Another method, but fortunately the easiest for people to see through, is when conclusions are drawn without any figures to back them up. Given that the rest of the report is loaded with lots and lots of numbers, people tend to assume that there are numbers to back it up but they’ve just not been mentioned. For example, the report states that “While we were not able to find specific numbers concerning the prevalence of child abuse” in other institutions, a conclusion is made that it is no greater in the Catholic Church.

On another occasion, the report poses the question: “Did abuse occur simply because somebody said it happened?” It then gives the response: “The clear and simple answer to this question is ‘no’.” This statement is immediately followed by another statement that: “although we do not know the exact percentage of false reports.” To compound the blatant abuse of academic process, the report concludes with: “In fact while we don’t know exactly how often [children] lie about being sexually abused, research [not cited] shows that those numbers are above zero [whatever that means].”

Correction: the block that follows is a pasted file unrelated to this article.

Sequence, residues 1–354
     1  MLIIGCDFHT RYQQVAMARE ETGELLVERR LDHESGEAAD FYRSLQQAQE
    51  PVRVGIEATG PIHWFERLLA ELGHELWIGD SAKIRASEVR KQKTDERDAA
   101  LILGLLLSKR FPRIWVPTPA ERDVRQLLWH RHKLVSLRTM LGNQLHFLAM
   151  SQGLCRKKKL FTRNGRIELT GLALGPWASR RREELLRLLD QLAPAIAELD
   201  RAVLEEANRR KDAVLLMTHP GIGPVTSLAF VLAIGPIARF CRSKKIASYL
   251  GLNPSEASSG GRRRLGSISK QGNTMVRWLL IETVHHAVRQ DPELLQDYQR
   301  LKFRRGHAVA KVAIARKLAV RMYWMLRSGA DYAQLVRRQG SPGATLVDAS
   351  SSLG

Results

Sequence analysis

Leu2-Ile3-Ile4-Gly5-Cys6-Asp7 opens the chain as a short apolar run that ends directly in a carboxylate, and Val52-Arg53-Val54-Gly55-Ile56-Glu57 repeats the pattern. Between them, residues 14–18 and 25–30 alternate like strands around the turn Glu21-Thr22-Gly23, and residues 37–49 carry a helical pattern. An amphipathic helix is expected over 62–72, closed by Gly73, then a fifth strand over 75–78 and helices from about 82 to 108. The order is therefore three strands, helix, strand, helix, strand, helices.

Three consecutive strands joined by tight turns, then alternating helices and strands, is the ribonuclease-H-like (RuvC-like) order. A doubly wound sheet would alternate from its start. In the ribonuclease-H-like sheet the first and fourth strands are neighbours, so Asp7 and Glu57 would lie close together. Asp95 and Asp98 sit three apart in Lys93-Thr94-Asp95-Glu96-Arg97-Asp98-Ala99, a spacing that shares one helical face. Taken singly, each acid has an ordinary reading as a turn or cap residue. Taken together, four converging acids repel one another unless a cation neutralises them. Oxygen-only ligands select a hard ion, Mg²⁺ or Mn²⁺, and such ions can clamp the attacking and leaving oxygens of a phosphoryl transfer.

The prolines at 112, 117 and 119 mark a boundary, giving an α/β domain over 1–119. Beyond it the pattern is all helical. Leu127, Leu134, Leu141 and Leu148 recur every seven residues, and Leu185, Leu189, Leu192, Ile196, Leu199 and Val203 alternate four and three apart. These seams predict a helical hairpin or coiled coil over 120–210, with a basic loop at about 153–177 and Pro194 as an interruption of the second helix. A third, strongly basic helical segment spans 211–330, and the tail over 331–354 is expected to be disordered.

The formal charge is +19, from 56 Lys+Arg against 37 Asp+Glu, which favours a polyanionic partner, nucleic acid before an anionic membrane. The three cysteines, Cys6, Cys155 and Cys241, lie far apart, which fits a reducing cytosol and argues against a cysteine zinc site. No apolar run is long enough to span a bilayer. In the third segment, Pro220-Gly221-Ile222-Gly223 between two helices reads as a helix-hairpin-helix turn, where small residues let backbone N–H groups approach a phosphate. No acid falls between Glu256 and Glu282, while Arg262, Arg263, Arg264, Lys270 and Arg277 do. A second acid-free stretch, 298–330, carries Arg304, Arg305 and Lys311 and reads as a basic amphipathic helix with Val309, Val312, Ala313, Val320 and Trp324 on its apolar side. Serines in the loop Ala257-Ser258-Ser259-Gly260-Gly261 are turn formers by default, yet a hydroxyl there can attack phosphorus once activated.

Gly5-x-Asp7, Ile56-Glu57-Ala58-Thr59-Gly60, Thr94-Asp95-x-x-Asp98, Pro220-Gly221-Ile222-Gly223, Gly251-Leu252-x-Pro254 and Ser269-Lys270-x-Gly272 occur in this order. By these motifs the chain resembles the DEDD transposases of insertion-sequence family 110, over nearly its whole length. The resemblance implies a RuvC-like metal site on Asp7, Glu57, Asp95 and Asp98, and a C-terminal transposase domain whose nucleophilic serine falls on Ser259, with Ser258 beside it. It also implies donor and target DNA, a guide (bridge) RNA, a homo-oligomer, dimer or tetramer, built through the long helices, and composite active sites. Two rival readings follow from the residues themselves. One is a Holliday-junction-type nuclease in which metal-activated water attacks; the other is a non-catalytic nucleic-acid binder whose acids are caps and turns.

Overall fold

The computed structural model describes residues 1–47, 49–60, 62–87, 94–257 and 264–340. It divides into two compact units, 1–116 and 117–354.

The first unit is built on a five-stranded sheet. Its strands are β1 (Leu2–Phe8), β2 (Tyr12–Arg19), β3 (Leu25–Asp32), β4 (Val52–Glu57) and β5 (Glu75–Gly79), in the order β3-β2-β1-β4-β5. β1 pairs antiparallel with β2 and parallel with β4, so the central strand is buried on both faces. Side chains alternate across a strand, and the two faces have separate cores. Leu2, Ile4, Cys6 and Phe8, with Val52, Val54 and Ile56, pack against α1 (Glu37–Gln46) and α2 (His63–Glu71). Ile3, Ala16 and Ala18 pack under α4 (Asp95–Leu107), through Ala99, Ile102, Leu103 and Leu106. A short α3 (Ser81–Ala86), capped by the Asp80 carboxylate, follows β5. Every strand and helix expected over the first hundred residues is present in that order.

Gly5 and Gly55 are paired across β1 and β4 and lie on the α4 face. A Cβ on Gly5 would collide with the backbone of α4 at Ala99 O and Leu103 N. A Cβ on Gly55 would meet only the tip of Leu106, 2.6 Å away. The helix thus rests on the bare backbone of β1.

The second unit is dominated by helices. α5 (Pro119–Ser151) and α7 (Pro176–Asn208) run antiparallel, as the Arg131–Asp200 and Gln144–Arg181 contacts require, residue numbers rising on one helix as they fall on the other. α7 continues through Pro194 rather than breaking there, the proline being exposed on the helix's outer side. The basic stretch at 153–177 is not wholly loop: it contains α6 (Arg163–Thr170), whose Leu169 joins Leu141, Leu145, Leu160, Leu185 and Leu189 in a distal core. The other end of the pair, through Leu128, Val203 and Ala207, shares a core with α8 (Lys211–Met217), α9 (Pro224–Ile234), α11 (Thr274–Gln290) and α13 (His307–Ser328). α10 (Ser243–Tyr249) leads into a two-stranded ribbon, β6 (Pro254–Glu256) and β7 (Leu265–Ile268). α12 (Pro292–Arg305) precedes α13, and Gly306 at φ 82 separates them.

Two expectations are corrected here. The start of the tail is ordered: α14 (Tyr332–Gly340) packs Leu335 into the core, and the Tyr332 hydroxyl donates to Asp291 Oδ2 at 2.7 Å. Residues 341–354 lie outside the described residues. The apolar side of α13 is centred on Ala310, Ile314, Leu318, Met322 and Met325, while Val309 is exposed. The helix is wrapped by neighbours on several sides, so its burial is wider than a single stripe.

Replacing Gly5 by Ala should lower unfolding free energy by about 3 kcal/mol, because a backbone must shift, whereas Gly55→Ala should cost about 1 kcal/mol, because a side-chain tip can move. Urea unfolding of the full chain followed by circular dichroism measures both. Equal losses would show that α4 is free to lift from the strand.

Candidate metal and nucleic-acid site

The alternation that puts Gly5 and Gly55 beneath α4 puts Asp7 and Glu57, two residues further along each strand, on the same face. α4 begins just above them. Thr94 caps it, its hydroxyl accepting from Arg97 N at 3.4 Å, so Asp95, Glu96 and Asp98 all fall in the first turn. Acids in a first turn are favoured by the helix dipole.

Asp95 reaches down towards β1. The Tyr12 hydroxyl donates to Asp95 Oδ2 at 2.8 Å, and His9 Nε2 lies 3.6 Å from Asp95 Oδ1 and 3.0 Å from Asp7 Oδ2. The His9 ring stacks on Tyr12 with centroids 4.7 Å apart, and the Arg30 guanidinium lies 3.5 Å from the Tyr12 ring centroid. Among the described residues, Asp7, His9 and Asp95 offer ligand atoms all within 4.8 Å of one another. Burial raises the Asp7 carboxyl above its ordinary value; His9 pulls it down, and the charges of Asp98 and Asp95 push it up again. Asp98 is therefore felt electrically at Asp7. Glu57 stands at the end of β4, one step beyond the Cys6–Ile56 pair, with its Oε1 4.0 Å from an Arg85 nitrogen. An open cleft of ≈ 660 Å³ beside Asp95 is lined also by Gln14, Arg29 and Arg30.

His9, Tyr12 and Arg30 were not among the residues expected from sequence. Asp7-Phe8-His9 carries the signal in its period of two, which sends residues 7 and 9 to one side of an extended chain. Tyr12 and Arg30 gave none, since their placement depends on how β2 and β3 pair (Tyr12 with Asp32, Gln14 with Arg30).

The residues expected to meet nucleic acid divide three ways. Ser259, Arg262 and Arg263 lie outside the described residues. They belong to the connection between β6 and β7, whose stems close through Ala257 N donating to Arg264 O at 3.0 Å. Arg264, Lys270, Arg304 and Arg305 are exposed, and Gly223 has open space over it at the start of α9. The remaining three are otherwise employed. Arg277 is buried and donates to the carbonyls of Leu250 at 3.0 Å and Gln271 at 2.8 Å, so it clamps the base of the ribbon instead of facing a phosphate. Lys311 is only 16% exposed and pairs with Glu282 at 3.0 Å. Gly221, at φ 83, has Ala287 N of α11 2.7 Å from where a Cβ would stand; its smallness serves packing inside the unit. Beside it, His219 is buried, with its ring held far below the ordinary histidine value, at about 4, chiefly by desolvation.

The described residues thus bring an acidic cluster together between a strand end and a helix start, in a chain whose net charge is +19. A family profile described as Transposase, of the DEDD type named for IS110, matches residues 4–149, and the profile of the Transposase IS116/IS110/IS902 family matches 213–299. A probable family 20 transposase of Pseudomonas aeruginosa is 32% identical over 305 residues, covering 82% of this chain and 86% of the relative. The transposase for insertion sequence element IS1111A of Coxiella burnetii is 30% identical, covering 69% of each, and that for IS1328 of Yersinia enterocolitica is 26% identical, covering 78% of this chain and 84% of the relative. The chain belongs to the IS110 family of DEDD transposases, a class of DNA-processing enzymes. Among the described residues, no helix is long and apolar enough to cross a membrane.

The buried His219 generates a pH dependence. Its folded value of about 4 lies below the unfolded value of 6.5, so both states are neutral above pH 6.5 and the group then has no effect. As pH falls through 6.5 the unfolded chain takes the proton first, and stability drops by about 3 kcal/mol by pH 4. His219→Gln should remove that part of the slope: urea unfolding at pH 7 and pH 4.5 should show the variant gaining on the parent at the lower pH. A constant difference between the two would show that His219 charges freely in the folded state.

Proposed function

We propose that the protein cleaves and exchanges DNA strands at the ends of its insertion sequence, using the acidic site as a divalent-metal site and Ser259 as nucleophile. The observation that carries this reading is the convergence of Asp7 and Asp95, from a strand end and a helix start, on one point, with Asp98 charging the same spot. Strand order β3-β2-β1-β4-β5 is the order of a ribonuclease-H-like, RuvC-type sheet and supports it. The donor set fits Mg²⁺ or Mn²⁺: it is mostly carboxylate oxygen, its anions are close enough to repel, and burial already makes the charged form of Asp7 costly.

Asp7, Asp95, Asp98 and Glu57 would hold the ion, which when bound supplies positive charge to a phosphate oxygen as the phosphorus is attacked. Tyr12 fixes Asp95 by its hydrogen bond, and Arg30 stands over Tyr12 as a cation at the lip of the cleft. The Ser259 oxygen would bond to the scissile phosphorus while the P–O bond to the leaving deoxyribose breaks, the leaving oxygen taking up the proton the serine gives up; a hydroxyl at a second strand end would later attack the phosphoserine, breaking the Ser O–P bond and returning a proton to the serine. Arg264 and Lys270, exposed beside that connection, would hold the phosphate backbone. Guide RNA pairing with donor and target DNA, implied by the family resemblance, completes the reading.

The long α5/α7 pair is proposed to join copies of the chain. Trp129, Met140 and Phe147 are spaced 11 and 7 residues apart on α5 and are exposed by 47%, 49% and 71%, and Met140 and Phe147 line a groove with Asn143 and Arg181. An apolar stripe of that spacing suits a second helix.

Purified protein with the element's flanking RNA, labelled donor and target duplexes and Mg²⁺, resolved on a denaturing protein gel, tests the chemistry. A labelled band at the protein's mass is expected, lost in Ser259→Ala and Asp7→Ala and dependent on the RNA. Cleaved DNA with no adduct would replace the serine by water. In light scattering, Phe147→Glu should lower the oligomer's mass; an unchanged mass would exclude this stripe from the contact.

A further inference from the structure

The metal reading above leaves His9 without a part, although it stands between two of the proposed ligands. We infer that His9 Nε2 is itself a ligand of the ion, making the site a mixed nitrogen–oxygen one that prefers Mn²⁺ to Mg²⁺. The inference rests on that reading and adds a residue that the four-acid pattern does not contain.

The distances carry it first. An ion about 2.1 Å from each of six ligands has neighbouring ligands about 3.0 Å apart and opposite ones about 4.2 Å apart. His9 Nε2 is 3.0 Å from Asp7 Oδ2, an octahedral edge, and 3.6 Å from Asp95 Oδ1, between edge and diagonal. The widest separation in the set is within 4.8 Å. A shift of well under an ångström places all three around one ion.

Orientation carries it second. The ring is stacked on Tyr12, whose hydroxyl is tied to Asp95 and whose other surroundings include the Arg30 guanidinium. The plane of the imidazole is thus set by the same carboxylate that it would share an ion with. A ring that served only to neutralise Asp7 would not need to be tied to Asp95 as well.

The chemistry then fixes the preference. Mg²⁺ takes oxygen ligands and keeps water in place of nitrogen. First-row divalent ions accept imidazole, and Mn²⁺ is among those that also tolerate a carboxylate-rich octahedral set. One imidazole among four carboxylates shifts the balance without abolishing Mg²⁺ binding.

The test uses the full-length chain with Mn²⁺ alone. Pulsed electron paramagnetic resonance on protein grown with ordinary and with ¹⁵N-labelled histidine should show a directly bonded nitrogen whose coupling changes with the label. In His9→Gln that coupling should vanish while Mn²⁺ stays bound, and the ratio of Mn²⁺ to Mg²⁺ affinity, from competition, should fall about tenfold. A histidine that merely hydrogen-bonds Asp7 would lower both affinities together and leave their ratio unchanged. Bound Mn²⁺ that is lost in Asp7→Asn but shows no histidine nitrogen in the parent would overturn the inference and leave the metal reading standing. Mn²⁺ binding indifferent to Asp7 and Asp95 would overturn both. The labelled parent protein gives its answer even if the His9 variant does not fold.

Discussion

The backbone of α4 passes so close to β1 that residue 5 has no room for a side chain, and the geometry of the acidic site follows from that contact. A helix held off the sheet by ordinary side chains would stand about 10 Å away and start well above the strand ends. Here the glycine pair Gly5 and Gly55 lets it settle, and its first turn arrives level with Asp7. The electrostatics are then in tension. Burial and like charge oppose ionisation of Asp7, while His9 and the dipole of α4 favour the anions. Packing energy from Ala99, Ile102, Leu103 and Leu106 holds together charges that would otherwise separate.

We can expect the Donohue line of attack to surface during the royal commission and probably by groups other than the Catholic Church.

In an analogy with the tobacco companies example, the true motives behind the research is shown by an interview in the New York Times with Laurie Goodstein, where Donahue says that in the past the Catholic Church, “Has been too quick to write a check” to individuals who report being victimized by paedophile priests. He said that he believed that the church should fight each case, “one by one”. Finally, he said the words that will probably be reported in history books one day, that Catholic bishops should, “toughen up and go out and buy some good lawyers to get tough in the fight against victims of abuse. We don’t need alter boys.”

Read more here:



TOMORROW: The Ellis defence

That’s all I can say

Lewis Blayse (né Lewin Blazevich)